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Are you paying the right amount of income tax each year?

Paying too little tax is a huge problem, which will inevitably result in HM Revenue & Customs launching an investigation. But paying too much tax is a problem also.

According to a new Freedom of Information Request, submitted by insurer Royal London, around 460,000 people chased HMRC for refunds on their overpaid tax in the 2018/19 tax year. As a result, Royal London is urging taxpayers to double-check their payments, to find out if they have overpaid tax. Reasons for paying too much income tax include changing jobs in the year or changes to taxable benefits.

“Nearly half a million people tried to get overpaid income tax back from HMRC in the last tax year. This goes to show it’s a good idea not to assume the taxman is always right about what he says you owe. Always check your tax statement for the year and keep a note of any unusual changes to your income that might mean you have overpaid.”

Becky O’Connor, personal finance specialist at Royal London, said:

One catalyst for overpayments is the tax paid on interest received as part of Payment Protection Insurance (PPI) compensation payouts. These PPI payments include annual interest at 8%, to compensate claimants for the years when they didn’t have the cash due to being mis-sold a PPI policy. If you’re a non-taxpayer, then this interest could fall within your personal tax allowance so that you could reclaim the tax paid on the interest.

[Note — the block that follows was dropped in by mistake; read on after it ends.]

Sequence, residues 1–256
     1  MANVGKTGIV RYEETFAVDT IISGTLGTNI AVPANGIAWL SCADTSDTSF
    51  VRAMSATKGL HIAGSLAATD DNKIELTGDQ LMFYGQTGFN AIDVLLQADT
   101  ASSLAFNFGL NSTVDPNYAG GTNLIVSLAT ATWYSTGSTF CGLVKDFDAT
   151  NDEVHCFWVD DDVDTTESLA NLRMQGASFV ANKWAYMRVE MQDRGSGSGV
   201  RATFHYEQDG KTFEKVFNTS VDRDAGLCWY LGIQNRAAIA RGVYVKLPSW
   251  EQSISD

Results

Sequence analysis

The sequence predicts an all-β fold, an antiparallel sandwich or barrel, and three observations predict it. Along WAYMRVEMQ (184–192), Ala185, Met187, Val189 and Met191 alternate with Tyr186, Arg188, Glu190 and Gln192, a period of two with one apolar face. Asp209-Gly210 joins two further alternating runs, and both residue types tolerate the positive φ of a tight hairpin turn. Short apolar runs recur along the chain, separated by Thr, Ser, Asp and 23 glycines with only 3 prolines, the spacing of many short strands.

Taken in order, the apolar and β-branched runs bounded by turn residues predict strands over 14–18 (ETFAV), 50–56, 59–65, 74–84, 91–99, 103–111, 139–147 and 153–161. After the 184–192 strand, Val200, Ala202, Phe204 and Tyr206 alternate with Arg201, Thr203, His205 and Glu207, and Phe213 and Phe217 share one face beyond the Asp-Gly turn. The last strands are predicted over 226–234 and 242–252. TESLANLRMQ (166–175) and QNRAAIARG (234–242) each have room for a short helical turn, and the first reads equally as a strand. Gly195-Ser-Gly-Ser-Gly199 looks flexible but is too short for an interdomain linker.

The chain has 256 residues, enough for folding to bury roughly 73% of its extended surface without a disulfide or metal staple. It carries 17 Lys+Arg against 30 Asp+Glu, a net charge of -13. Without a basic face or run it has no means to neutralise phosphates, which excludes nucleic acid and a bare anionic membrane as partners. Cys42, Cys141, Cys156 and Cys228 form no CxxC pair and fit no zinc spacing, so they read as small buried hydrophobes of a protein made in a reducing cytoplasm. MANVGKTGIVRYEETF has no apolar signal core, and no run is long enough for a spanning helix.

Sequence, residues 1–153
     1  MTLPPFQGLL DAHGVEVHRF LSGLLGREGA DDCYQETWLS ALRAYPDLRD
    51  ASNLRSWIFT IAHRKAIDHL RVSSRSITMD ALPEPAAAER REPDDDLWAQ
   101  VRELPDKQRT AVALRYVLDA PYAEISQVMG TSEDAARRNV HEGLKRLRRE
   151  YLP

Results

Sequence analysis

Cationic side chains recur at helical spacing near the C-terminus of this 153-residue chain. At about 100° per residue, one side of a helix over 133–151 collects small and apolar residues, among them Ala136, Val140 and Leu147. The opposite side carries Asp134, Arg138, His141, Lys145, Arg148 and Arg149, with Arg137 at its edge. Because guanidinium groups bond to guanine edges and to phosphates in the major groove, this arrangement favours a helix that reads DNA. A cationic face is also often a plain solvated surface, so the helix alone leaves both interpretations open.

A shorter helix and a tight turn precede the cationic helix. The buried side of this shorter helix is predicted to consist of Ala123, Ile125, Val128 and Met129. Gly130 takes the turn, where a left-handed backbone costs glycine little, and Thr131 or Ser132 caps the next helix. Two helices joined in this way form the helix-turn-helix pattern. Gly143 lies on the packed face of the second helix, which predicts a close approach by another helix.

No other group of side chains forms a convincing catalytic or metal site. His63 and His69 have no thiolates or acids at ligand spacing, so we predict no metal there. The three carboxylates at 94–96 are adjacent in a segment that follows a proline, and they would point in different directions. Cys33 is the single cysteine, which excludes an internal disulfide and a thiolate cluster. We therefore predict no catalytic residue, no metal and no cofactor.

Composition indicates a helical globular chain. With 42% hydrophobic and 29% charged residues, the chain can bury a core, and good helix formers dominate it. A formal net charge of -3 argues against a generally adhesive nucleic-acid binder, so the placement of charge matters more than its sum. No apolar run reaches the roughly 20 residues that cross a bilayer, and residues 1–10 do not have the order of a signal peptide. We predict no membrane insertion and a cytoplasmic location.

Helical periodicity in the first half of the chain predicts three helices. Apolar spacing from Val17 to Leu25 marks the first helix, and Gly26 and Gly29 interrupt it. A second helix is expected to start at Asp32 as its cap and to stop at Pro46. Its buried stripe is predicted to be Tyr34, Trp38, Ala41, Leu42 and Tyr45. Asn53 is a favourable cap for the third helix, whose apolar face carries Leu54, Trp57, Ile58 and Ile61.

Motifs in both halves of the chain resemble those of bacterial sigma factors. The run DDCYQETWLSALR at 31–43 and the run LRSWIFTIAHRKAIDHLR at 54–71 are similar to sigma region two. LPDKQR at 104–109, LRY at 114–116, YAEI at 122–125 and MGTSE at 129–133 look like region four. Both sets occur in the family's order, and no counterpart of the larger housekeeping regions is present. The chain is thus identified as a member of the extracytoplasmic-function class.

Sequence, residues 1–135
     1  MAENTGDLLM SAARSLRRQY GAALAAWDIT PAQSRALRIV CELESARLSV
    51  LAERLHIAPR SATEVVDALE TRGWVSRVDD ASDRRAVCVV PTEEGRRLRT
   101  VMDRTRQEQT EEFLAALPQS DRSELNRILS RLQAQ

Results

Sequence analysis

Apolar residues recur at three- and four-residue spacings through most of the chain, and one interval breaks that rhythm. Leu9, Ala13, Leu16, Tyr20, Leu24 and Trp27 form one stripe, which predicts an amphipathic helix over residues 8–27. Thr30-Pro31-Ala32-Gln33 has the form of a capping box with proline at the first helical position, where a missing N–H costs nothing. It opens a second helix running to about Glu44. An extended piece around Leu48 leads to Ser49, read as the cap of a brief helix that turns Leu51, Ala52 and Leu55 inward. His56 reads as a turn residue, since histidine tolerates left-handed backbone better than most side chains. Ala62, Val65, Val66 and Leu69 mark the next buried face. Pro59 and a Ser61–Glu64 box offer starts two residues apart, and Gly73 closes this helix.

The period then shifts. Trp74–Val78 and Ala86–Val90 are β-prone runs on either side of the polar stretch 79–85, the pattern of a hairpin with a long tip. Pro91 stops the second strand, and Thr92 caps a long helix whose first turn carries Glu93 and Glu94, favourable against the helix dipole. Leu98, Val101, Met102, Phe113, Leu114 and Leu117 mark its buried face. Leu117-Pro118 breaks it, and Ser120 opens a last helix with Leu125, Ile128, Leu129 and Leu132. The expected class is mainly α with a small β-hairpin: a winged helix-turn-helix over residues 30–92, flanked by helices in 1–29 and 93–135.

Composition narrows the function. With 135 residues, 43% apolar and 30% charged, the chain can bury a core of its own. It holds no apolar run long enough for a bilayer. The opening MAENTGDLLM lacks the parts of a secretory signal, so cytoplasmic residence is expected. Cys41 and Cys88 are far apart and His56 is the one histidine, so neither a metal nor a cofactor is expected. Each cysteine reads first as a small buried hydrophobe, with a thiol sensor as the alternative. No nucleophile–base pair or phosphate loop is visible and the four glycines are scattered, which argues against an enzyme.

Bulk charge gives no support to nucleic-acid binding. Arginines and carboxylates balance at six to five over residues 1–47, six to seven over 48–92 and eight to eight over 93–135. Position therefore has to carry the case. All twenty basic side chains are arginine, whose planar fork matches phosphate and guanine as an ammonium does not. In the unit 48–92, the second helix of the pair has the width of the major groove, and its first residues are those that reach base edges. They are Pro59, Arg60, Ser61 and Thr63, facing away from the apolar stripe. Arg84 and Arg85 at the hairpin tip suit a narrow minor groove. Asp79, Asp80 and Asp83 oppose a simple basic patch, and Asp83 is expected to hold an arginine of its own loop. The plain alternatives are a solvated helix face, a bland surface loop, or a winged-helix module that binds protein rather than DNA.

For example, a PPI compensation payment of £3,000 in respect of a policy taken out five years ago would have resulted in around £180 paid in income tax directly to HMRC, which could be reclaimed. To check whether you’re eligible for an income tax refund in respect of a payout for PPI compensation, check the compensation statement and look for any tax paid on the interest part of the fund. If the interest was paid but not due – for example, because the interest element fell within your personal allowance for income tax, or you’re a non-taxpayer – then you could be entitled to request a refund.

To claim a refund on overpaid tax, you can complete form R40 on the HMRC website. It’s possible to reclaim overpaid tax for up to four previous tax years, in most circumstances. Other circumstances which can result in overpaid tax include pay from your current or previous job, pension payments, income from a life or pension annuity, a redundancy payment, a self-assessment tax return, interest from savings or PPI, or UK income if you live abroad.

According to Royal London, the total value of all types of repayments in the 2018/19 tax year was more than £7bn. With overpayments of this scale, it makes sense to check your circumstances to find out whether you have paid too much tax and could be eligible for a refund.

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